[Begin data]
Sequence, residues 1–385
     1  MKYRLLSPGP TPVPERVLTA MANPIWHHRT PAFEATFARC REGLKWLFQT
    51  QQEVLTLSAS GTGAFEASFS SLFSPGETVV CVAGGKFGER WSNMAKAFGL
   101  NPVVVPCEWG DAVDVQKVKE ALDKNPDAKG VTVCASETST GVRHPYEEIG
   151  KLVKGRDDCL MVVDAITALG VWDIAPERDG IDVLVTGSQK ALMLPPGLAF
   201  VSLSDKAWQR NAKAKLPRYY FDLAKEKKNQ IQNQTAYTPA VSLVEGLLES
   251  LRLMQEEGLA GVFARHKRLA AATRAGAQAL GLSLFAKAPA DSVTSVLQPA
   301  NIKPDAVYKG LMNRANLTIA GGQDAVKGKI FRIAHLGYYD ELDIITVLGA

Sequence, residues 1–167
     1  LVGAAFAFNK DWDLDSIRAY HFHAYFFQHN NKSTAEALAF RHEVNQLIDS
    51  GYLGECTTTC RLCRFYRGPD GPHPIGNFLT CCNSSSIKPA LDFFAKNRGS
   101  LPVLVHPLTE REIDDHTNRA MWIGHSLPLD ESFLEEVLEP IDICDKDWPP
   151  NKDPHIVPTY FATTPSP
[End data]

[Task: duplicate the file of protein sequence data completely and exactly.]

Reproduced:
Sequence, residues 1–385
     1  MKYRLLSPGP TPVPERVLTA MANPIWHHRT PAFEATFARC REGLKWLFQT
    51  QQEVLTLSAS GTGAFEASFS SLFSPGETVV CVAGGKFGER WSNMAKAFGL
   101  NPVVVPCEWG DAVDVQKVKE ALDKNPDAKG VTVCASETST GVRHPYEEIG
   151  KLVKGRDDCL MVVDAITALG VWDIAPERDG IDVLVTGSQK ALMLPPGLAF
   201  VSLSDKAWQR NAKAKLPRYY FDLAKEKKNQ IQNQTAYTPA VSLVEGLLES
   251  LRLMQEEGLA GVFARHKRLA AATRAGAQAL GLSLFAKAPA DSVTSVLQPA
   301  NIKPDAVYKG LMNRANLTIA GGQDAVKGKI FRIAHLGYYD ELDIITVLGA

Sequence, residues 1–167
     1  LVGAAFAFNK DWDLDSIRAY HFHAYFFQHN NKSTAEALAF RHEVNQLIDS
    51  GYLGECTTTC RLCRFYRGPD GPHPIGNFLT CCNSSSIKPA LDFFAKNRGS
   101  LPVLVHPLTE REIDDHTNRA MWIGHSLPLD ESFLEEVLEP IDICDKDWPP
   151  NKDPHIVPTY FATTPSP